House passes voucher expansion

The speaker of the Indiana House, Todd Huston, must not be familiar with the Indiana Constitution, which plainly states that the General Assembly is responsible for a "...SYSTEM of common schools..." [emphasis added] not individual students. While Betsy DeVos may agree with his take on privatization, his comments quoted in this article are Constitutionally wrong. According to the Constitution, the Indiana General Assembly does, indeed, fund systems. [emphasis added]
House Bill 1005 would increase the amount of money families can make to be eligible for vouchers and also increase the awards themselves.

And the measure creates new Education Scholarship Accounts in which state money would be deposited for families to choose how they want to educate their children. It is open only to special education students and children of active military.

The cost of the bill is more than $65 million over the biennium.

...House Speaker Todd Huston took to the floor to defend the bill – something he usually doesn't do since he presides over the chamber. He said “we fund students, not systems” and said opposition is just an attack on parents.

“Who's accountable? Families,” Huston said.

Leaky bucket: legislature diverts K-12 tuition support funding from public schools

The Indiana Coalition for Public Education posted an infographic (pdf version here) showing how money for parochial and private schools is drained from tax funds meant for public schools. Among the points on the infographic...
The more legislators siphon away money for pet projects, that’s less for public schools and teacher pay...

99% of the taxpayer money [for vouchers] goes to religious schools that can (and many do) discriminate...

They can choose to exclude any students for any reason, or for no reason at all...


David Berliner on the Travesty of Public Funds for Religious Schools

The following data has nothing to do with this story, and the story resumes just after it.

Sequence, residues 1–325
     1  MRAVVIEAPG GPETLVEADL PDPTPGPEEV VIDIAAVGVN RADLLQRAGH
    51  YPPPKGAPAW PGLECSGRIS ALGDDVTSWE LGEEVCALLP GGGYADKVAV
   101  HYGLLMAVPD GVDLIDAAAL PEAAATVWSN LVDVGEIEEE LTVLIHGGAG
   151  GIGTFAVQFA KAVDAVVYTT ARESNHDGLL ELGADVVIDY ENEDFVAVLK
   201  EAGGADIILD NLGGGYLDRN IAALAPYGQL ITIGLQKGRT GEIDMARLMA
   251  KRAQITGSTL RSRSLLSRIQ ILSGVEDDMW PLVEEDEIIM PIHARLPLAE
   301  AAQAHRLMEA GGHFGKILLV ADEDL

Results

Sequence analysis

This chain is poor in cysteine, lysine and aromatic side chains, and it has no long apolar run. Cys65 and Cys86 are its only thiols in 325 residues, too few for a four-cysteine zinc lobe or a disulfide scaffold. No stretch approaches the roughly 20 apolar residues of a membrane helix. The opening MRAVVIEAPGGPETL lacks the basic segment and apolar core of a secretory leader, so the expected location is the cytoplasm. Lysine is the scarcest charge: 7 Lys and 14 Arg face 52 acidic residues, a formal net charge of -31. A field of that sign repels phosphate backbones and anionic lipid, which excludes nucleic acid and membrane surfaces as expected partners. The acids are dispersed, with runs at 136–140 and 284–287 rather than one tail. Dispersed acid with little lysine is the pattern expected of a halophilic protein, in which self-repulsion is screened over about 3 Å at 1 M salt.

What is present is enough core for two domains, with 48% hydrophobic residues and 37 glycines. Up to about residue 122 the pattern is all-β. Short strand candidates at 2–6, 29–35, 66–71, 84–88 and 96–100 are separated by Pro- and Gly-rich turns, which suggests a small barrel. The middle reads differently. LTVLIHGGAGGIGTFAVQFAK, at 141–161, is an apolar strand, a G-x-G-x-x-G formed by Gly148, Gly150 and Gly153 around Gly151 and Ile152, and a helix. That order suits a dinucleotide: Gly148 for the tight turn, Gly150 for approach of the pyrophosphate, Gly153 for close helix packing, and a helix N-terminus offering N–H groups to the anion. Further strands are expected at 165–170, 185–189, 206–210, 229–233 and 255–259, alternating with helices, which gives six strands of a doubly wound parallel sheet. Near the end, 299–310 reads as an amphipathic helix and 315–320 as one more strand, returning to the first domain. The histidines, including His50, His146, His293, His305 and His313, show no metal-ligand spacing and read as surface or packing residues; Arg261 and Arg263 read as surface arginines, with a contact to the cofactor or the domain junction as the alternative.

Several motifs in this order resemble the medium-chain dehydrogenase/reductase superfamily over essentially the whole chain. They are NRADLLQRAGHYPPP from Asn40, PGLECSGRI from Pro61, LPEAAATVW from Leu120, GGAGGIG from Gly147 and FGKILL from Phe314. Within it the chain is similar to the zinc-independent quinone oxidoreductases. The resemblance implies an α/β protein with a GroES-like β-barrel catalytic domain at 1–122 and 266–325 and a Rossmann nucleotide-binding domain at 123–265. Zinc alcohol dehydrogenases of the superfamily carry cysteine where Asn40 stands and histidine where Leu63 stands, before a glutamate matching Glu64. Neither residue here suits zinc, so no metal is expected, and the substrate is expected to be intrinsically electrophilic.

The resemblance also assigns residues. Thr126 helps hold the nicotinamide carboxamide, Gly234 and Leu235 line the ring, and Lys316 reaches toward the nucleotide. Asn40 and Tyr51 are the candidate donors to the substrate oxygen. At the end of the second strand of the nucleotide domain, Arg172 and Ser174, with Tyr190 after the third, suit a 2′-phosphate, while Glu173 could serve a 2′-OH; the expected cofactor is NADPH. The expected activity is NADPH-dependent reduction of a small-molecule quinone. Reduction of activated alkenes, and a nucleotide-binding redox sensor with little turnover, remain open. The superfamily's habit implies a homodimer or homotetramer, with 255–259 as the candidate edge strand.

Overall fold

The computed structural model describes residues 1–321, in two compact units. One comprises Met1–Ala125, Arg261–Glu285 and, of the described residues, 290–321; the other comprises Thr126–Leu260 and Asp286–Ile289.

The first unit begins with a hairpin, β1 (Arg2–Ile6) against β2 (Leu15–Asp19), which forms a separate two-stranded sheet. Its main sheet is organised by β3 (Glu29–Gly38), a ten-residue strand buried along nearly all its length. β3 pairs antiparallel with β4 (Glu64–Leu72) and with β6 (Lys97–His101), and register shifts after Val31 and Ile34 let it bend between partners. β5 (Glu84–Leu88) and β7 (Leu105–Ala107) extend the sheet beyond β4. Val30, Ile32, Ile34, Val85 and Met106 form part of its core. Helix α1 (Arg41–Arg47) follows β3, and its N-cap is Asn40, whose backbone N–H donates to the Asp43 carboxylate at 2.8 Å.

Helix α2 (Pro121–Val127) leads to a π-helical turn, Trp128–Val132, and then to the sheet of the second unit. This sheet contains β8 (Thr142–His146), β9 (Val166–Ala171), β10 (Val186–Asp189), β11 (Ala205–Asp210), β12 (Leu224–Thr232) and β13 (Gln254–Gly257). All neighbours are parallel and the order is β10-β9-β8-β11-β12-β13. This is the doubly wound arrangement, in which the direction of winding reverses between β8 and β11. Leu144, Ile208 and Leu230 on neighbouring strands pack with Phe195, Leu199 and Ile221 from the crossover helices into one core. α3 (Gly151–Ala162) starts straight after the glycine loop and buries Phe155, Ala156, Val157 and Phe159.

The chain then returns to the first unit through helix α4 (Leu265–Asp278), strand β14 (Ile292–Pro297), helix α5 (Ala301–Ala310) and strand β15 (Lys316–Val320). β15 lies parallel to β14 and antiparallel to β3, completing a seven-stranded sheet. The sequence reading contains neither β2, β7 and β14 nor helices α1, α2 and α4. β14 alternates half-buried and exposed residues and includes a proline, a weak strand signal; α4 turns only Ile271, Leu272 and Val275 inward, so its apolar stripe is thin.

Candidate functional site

David C. Berliner, Regents’ Professor of Education Emeritus at Arizona State University, understands why public tax dollars should not go to parochial schools.
  • They aren't required to accept all students. Instead of students choosing private or parochial schools, the schools choose which students they will accept.
  • They don't have to follow the same curriculum as public schools and can teach questionable topics.
  • Indiana parochial and private schools aren't accountable to the state for the money they receive.
  • They drain tax dollars from public school systems.
This quote is specific to a parochial school in North Carolina, but the same is true for many of the parochial schools getting tax dollars through vouchers in Indiana.
...So, despite the receipt of public money, the Fayetteville Christian School is really not open to the public at all! This school says, up front and clearly, that it doesn’t want and will not accept Jews, Muslims, Hindu’s, and many others. Further, although supported by public money, it will expel students for their family’s alleged “sins”. Is papa smoking pot? Expelled! Does your sibling have a homosexual relationship? Out! Has mama filed for divorce? You are gone! The admissions and dismissal policies of this school–receiving about a half million dollars of public funds per year–are scandalous. I’d not give them a penny! North Carolina legislators, and the public who elects them should all be embarrassed to ever say they are upholders of American democracy. They are not.